Congo's president urges peacekeepers to leave

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Congo's president called for the UN's 20,000-strong peacekeeping force to leave before September 2011 so the country can "fly with its own wings," but the UN secretary-general isn't signing off on a date, according to a report.

Ban Ki-moon said he wants to ensure that military operations against rebels in eastern Congo are successfully completed, that well trained and equipped Congolese army units can take over the UN force's security role, and that the government extends its authority in areas freed from armed groups before the largest UNpeacekeeping operation in the world departs.

The secretary-general did recommend in the report to the Security Council that the withdrawal start immediately with up to 2,000 troops leaving peaceful areas of the central African nation by June 30, the 50th anniversary of Congo's independence.

President Joseph Kabila initially wanted the UN force, known by its French acronym Monuc, out of Congo before the independence celebrations. But following a visit to Kinshasa last month by UN peacekeeping chief Alain Le Roy, where Mr Kabila stressed "that it was now time to allow the country 'to fly with its own wings'," the government "decided to be more flexible and shift that date to August 30, 2011", the report said.

Congo was engulfed in civil wars from 1996-2002, drawing in half a dozen nations and leading to deployment of the UN force in 1999 to support implementation of a cease-fire that was repeatedly broken.

Following a 2002 agreement that ended much of the fighting, Monuc supported the reunification of the country and the country's first democratic elections in more than four decades in 2006, which Mr Kabila won.

Mr Kabila's government, however, since struggled to assert its control in the east and had difficulty building effective institutions and integrating former fighters into a national army.

Mr Ban took note of Mr Kabila's desire for all UN troops to be gone by September 2011, but didn't endorse it.

An assessment team he sent to Congo recommended withdrawing the UN force over a period of three years if the security situation continued to improve and the government accomplished a series of "critical tasks", according to the report.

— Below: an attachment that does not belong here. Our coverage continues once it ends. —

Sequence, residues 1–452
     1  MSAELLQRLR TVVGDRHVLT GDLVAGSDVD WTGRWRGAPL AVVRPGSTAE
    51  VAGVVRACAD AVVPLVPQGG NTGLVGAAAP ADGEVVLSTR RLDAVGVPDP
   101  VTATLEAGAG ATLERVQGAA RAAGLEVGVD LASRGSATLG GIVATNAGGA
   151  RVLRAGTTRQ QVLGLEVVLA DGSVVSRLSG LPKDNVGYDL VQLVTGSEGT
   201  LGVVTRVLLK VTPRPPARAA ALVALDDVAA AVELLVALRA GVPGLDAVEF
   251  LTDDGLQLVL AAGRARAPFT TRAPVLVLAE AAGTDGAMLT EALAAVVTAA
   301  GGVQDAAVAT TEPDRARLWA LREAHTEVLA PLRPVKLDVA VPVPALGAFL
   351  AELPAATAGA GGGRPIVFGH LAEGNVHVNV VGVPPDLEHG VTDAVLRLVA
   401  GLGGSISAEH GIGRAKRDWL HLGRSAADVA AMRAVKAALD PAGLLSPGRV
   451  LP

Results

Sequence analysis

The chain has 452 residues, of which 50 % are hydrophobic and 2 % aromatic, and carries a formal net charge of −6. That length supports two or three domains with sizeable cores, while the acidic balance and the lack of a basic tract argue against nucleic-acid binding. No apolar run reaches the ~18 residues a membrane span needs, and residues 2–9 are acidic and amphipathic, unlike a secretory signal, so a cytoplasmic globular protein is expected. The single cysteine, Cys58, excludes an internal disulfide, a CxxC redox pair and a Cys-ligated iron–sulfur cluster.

The team concluded that "a continued significant presence of the Monuc force was essential in the Kivus and Orientale provinces" in the volatile east, but not in the other eight provinces where the government could independently maintain law and order and protect civilians, the report said.

The secretary-general said the 50th anniversary of Congo's independence provided an opportunity for the government and people "to turn the page on a period of the country's history that has too often been disfigured by conflict and violence."

He said he was convinced that a strategy could be devised to drawdown Monuc "in a manner that both advances the realisation of the aspirations and vision of the government and avoids the risk of reversals that could trigger renewed instability".

Mr Ban recommended that the Security Council extend Monuc's deployment for 12 months and authorise the immediate withdrawal of up to 2,000 troops by June 30, but he did not recommend a final withdrawal date.

Instead, he recommended that the Security Council endorse an "understanding" in which the government and the UN would jointly review progress toward meeting "urgent tasks".

Accomplishing the tasks would accelerate withdrawal and failing to meet them would enable the mission and the government "to manage the potential triggers of renewed instability," the report said.

The tasks include ending military operations against rebels in eastern Congo, where Mr Ban said the risk of renewed instability "should not be underestimated", and deploying trained Congolese army units, police, administrators and legal institutions throughout the country, the report said.

As an example of the hurdles ahead, the report said "the national army remains an amalgamation of unvetted, untrained former militia groups" and former army personnel with poor loyalty and discipline and a weak military justice system unable to prevent human rights violations.

If the Security Council approves the process, Mr Ban said, the government and Monuc would have to agree on specific benchmarks to measure progress.